Music, news, weather and arts news presented this week by Piers Burton -Page, including at approximately:
7.05 Corelli Concerto grosso in F, Op 6 No 12 La Petite Bande/
Symphony No 50 in C
8.00 Bach, transcr
Busoni Capriccio on the departure of a beloved brother
Nikolai Demidenko (piano)
Pedrelliana (Homenajes) Cincinatti SO/
Jesus Lopez-Cobos Discs
Music for Eastertide, beginning with Mass for the Monday after Easter as it would have been celebrated in St Peter 's,
Rome, during Palestrina's time as maestro there.
Mass: Quern dicunt homines
Mo tet: Jesus junxit se
Chant transcribed from choir books that Palestrina himself would have used.
Tavemer Consort, Choir and Players/
See panel for details.
10.00 am I feel like I'm not out of bed yet
At 5.00am New York time,
Humphrey Burton and Jamie Bernstein Thomas outline the main events of Bernstein Day.
On 14 November 1943, Bernstein replaced an indisposed Bruno Walter at Carnegie Hall to conduct this concert. During the interval Humphrey Burton talks to Bernstein's younger brother Burton.
Schumann Manfred Overture
Strauss Don Quixote Wagner Overture: Die
Meistersinger von Nurnberg
Bernstein's sister Shirley remembers the genesis of the enormously successful ballet and introduces Bernstein's
1963 recording made with the New York Philharmonic.
Humphrey Burton , who worked extensively with Bernstein on many of his TV projects, explores
Bernstein's special gifts as a TV presenter.
Beethoven Symphony No 3 (Eroica) (first movement)
Preceded by Bernstein's talk on the piece.
Bernstein conducts Bizet's opera. Introduced by Schuyler Chapin , General Manager at the Met in 1972. Manhattan Opera Chorus
Metropolitan Opera Orchestra and Children's Chorus
Acts 1 and 2 3.00 During the interval,
Marilyn Home discusses her experiences of working with Bernstein.
3.15 Acts 3 and 4
President Eisenhower's description of most
"serious" music, delivered to Bernstein after a White
House concert, gave him the title for a song cycle. Lukas Foss , Jack Gottlieb , Leonard Slatkin and John McClure discuss Bernstein's concert music.
Symphony No 1 (Jeremiah) was completed in 1942 and first performed during
Bernstein's fruitful 1943/44 season. It won the New York
Critics' Circle Award of 1944. The composer conducts the New York Philharmonic, with Jennie Tourel (mezzo-soprano).
Archivist Karen Bernstein , the composer's niece, shows Humphrey Burton round a fascinating treasure trove.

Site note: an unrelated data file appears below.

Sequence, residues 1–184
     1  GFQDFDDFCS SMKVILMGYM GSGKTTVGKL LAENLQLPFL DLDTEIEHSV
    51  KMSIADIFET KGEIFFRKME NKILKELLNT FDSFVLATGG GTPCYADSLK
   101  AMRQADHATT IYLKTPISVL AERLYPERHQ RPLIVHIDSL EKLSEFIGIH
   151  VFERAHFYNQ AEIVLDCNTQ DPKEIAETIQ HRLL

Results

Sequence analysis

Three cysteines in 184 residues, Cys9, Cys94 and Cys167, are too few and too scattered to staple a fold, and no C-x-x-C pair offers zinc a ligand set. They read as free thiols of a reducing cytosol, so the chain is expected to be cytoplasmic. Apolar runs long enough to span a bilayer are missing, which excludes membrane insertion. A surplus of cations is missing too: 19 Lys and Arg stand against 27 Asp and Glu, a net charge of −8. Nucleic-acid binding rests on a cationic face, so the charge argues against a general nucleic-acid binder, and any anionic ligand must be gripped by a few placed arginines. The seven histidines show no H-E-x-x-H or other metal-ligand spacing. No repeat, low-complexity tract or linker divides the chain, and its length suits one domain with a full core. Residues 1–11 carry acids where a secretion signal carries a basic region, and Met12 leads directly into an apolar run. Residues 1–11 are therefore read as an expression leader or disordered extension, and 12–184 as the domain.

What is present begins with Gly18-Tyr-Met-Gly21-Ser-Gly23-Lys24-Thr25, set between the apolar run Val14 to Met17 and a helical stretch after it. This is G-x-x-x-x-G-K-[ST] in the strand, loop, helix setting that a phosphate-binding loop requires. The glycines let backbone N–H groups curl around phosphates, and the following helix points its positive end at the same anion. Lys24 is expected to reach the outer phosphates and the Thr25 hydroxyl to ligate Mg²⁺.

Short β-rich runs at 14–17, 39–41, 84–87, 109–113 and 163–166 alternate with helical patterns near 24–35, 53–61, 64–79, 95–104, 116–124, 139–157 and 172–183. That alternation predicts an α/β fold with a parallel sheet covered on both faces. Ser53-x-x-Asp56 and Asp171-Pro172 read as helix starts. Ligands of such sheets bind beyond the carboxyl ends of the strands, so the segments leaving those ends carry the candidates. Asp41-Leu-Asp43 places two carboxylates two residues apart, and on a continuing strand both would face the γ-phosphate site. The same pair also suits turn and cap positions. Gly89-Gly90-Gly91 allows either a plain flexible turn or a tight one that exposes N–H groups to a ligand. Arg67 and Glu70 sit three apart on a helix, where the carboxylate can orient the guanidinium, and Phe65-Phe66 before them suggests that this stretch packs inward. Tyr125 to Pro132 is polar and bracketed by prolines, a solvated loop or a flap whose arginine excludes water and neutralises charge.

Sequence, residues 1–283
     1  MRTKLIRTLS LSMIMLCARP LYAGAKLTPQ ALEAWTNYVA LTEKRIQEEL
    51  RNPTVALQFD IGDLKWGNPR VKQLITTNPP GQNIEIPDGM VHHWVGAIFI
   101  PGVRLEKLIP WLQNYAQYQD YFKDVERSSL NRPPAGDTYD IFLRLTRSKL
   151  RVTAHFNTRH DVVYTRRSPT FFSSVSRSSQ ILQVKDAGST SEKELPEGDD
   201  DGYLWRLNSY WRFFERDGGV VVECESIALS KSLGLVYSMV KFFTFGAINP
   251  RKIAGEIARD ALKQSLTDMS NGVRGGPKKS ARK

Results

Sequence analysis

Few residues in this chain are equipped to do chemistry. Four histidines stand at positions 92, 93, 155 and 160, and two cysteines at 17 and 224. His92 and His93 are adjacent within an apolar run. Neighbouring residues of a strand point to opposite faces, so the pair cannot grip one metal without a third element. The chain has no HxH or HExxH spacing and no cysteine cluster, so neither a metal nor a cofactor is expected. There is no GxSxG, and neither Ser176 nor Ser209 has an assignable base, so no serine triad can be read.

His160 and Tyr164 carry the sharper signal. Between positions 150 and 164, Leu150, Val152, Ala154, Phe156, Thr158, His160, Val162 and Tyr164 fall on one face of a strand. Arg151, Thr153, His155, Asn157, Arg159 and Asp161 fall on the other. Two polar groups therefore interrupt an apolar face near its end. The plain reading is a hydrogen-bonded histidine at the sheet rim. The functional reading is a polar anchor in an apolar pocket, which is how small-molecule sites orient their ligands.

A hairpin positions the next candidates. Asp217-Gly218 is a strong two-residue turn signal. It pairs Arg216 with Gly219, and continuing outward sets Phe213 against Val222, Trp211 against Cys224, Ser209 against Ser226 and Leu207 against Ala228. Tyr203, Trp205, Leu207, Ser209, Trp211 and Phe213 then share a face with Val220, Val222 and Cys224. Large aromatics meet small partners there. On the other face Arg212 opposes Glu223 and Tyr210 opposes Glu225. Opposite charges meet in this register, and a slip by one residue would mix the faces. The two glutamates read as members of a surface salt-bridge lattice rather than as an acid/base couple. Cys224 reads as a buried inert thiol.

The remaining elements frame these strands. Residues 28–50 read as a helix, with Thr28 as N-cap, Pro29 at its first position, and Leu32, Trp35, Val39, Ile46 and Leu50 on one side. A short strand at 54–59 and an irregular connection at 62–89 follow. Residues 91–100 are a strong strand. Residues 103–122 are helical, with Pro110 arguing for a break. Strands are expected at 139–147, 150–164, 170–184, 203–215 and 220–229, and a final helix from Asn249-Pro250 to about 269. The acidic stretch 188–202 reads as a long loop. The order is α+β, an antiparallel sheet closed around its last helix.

The night before his New York Philharmonic debut, Bernstein had his first big break as a composer when the mezzo-soprano Jennie Tourel gave the first public performance of his Five Kid Songs: I Hate Music.
A programme of Bernstein's smaller-scale concert music, including I Hate Music, Arias and Barcarolles, the Prelude, Fugue and Riffs and some of the solo piano pieces dedicated to various friends and called Anniversaries.
Carlos Moseley , Manager of the Philharmonic during the Bernstein years, introduces a recording made at the inaugural concert at the Lincoln Center in 1962: Vaughan Williams Serenade to Music.
Throughout the evening, many of Bernstein's friends and colleagues will be dropping in to the -studio to talk to Humphrey Burton and Jamie Bernstein Thomas and to introduce a selection of music with New York connections, including: Bernstein excerpts from Candide.
Vivaldi Spring (The Four Seasons) John Corigliano (violin)
Bernstein Chichester Psalms
Copland Clarinet Concerto with Stanley Drucker
Mahler Symphony No 5 (Adagietto)
Dances from West Side Story
The composer of On the Town, Wonderful Town,
Candide and West Side Story is recalled by his librettists, directors and producers in conversation with Mark Steyn.
Adolph Green and Betty Comden recall their collaboration with Bernstein in On the Town and introduce the recording he made in 1960. With narrations specially recorded for this broadcast by the composer's younger daughter and son, Nina and Alexander. During the interval,
Bernstein's sister Shirley talks to Humphrey Burton.
Producers Christopher Marshall and John Evans